One of the common factors that emerged from successful cross- generational programmes was the playing of an active role such as teaching activities as shown in the Montessori-based programmes (Lee et al., 2007; Camp et al., 1997; Judge et al., 2000). Particularly, in the Japanese novel reminiscence programme, everyone took turns to be the leader in a small group setting over time (Yamagami, Oosawa, Ito, & Yamaguchi, 2007). The high attendance rates in these programmes might be a result of the use of an approach that encouraged older people to get involved longer. This heightened their motivation levels throughout the course as each older adult took an active role for different structured themes to discuss and demonstrate the ways of using old tools to the younger people every week. For instance, older people demonstrated how to make rice cakes (mochitsuki) using a steam pot, glutinous rice, mortar and mallet to younger staff who were unfamiliar with these kinds of old-fashioned objects. This process of transferring their cumulative knowledge and experiences in the past to the next generation can be interpreted as an effective way of meeting one of the fundamental social desires of older people. In turn, realisation of generativity in this way could have made the older people feel valued and provided an opportunity for them to regain competence through confidence boosting experiences in their social roles. Practically, it was also associated with improving delayed recall as shown in increased interest in their personal appearance such as taking care with their hairstyles or in preparing outfits to wear for subsequent sessions, thus maintaining their self-care functioning as well.

Older people with dementia may feel stigmatised and infantilised by others either consciously or unconsciously. Responses for research questionnaires often rely on responses from family members, staff and other caregivers due to the progressive nature of their cognitive impairments. However, it is worth noting that the difference in responses between self-reported quality of life and proxy QOLAD scores by research nurses was minor (O’Shea, Devane, Cooney et al., 2014), while both responses showed positive benefits from reminiscence. Self-reported outcomes were slightly higher, although it could be challenging to apply the self-reported version of the QOL-AD to older adults with relatively low MMSE scores. It was possible that older people could successfully complete the answers with support from research nurses during the measurement process. It is important to ask the views of service users as a gesture of respect for their dignity and this could lead to making them feel that their opinions are valued and contribute to their positive self-perception.

Although most studies reported beneficial effects on quality of life after reminiscence, not all participants had positive cases. In the Japanese study, an older lady aged 93 years old with mild dementia who was on antipsychotic medication, showed worsening effects in terms of MMSE after reminiscence sessions. It is questionable whether taking part in the reminiscence programme led to a worsening of confusion or unexpected side-effects of the antipsychotics that she had been taking for the whole intervention period. Nonetheless, her family mentioned that she had had very difficult times in her early life and touching these adverse memories might have led to the heightened confusion states. However, this case is an outlier and not generalizable to the overall positive outcomes seen for other older participants (Yamagami, Oosawa, Ito, & Yamaguchi, 2007). One limitation of this analysis, however, is that it is difficult to make comparisons between studies due to their heterogeneity.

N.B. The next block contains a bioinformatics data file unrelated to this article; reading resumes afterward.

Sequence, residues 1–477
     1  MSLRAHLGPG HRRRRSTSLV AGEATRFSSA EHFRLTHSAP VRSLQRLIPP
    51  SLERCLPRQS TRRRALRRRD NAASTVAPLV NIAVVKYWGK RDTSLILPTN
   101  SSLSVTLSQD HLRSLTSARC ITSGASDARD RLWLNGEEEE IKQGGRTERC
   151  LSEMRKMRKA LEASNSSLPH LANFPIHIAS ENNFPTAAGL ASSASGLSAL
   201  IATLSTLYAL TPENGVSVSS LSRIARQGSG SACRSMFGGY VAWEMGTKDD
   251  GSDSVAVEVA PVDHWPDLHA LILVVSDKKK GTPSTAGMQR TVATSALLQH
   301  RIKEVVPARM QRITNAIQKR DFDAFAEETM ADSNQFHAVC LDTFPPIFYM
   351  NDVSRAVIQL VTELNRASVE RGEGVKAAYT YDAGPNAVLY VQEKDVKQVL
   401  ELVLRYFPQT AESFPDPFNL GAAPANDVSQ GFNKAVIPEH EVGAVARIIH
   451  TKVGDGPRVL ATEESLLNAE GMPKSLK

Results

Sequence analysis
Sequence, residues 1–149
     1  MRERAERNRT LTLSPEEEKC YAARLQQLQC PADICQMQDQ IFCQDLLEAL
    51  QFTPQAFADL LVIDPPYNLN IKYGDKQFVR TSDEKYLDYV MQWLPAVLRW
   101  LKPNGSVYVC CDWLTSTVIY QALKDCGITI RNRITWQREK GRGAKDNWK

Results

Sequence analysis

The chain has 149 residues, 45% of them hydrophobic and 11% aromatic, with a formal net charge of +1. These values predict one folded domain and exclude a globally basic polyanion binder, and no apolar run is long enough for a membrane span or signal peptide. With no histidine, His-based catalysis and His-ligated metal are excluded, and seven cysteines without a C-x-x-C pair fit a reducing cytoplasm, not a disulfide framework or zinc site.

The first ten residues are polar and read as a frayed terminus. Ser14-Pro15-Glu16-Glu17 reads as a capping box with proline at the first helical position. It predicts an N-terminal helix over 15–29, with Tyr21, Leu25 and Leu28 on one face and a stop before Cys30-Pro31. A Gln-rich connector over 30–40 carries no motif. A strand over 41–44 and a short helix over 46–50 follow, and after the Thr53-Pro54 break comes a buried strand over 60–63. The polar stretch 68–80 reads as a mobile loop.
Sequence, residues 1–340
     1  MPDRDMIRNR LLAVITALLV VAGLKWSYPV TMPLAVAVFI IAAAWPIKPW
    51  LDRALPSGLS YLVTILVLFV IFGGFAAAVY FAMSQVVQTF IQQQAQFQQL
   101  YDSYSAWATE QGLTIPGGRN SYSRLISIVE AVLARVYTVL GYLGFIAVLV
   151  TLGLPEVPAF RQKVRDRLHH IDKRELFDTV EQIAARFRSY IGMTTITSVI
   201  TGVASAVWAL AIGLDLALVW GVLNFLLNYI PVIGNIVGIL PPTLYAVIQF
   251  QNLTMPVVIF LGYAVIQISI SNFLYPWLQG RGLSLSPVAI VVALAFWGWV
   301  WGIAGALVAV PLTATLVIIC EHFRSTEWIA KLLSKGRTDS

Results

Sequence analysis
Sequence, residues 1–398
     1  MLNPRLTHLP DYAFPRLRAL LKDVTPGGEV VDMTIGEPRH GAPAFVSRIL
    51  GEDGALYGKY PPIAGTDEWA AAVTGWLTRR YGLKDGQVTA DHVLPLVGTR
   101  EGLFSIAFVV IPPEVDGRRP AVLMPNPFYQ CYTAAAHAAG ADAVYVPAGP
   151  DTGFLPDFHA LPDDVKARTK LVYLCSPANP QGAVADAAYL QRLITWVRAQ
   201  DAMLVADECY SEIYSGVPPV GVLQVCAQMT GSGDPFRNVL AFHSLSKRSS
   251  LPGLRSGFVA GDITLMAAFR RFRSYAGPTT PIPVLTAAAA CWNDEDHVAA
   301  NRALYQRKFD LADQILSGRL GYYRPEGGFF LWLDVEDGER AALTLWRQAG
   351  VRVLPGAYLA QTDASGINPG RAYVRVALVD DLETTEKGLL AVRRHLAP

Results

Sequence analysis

Most studies showed positive impacts on the mental health of older people with mild to moderate dementia. More studies are needed to determine whether any adverse effects of reminiscence can systematically occur to people with tough experiences in their early life and/or people who are diagnosed with co-morbid mental health problems and take any medications regularly such as anti depressants , anti-psychotics and other drugs for physical health problems. It is important to develop programmes tailored to individual needs and circumstances ahead of time to prepare appropriate activities.

There is a gap for research on the benefits of intergenerational activities in older people with severe dementia. Future research might evaluate whether cross-generational programmes may be effective in promoting an atmosphere of togetherness by incorporating nonverbal communication methods such as affectionate touch, hugs, cuddles, holding hands, shaking hands and other tactile forms of communication in a structured manner into activities.


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Camp, C. J., Judge, K. S., Bye, C. A., Fox, K. M., &Bowden, J., et al. (1997). An intergenerational program for persons with dementia using Montessori methods. Gerontologist,37(5):688-92.

Chung, J. C. (2009). An intergenerational reminiscence programme for older adults with early dementia and youth volunteers: values and challenges. Scandinavian Journal of Caring Sciences,23(2), 259-64.

Dreher, B. B. (1997). Montessori and Alzheimer’s: A partnership that works. American Journal of Alzheimer’s disease, 12(3), 138-140.

George, D. R. (2011). Intergenerational volunteering and quality of life: mixed methods evaluation of a randomized control trial involving persons with mild to moderate dementia. Quality of Life Research, 20(7), 987-95.

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Lee, M. M., Camp, C. J., &Malone, M. L. (2007). Effects of intergenerational Montessori-based activities programming on engagement of nursing home residents with dementia. Journal of Clinical Interventions in Aging,2(3), 477-83.

O’Shea,E., Devane, D., Cooney, A., Casey, D., Jordan, F., et al. (2014).The impact of reminiscence on the quality of life of residents with dementia in long-stay care.International Journal of Geriatric Psychiatry,29(10), 1062-70.